Throughout time, the concept of virginity has always been presented in society as a mark of virtue. Subsequently, it is not surprising that the idea carries different connotations for men and women. Women have always been encouraged not to “lose” their virginity, in consequence of being regarded as a slut. Men, on the other hand, are encouraged to “lose” it as early as possible because that speaks to their manhood and whether or not they have what is termed as “game”. However, a bigger concept that exists in contemporary society has been women seeking autonomy. A changing and progressive society has paved the way for a change and progression of ideals and belief systems, women owning their sexuality, and a shift in sexual culture. As a result, many are starting to question whether virginity really is a mark of virtue or just a social construct designed to oppress women.

As progressive as our society is, the idea of virginity is still somewhat viewed from two lenses. One lens draws from a patriarchal perspective with notes of slut shaming and the belief that sex is meant for a man’s pleasure. “I wish I had not left my virginity and sexual experiences at the hands of other men instead of taking responsibility for my own sexuality”, one student said concerning this matter. The other lens encourages sexual autonomy and liberation. Even though contemporary society is largely moving away from archaic misconceptions of sex, the former has shaped and continues to shape women’s first sexual experiences, how they view the idea of virginity, as well as their subsequent sexual experiences and outlooks.

Virginity is also looked at as something that only a woman possesses, the “loss” of which is associated with guilt and shame. This is taken to the extent that some cultures even impose virginity tests on little girls. This has impacted women by defining their sexual experiences and sexual autonomy from the male perspective. There develops this idea that only a man is supposed to enjoy sexual intercourse and is allowed sexual liberation. As a result, virginity for many women has been something a man takes from a woman. This speaks to why men have little to no understanding of the concept of consent due to being the product of a culture that has prioritised their sexual needs above all else.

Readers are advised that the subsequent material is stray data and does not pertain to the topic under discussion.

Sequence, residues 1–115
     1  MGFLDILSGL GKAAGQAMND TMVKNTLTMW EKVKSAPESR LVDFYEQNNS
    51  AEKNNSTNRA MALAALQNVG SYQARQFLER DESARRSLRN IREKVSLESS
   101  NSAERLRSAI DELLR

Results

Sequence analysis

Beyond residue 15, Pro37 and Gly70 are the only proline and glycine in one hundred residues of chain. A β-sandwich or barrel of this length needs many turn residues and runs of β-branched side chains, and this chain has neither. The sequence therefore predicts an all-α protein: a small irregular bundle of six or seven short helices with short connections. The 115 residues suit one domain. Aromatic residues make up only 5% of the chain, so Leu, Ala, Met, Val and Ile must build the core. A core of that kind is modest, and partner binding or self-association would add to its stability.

On the flip side, more women are coming to terms with and starting to embrace their sexuality. This has meant that women have started defining the idea of virginity for themselves and are putting their own needs as a priority as well. Many students, especially female students, have asserted that if given the opportunity, they would have a do-over of their first sexual experiences. This is based on several reasons, ranging from how sexuality and the idea of virginity were presented to them, to peer pressure and pressure from their partners.

It is apparent that today, most women are moving towards owning their sexuality even though pre-existing patriarchal views on virginity and sexuality for women continue to greatly impact how women view and experience sex. Women are now allowing themselves to define their sexuality for themselves, separate from the man. Some women have even asserted that since they have allowed themselves this opportunity, they have come to learn more about consent and self-pleasure and have gained a voice in terms of what they like and do not like. This speaks of where society is today on the scale of virginity being an archaic oppressive device for women or a mark of virtue. However, even as we are slowly leaning towards progression, the weight of the past still lingers.

Boitumelo Mabogoane
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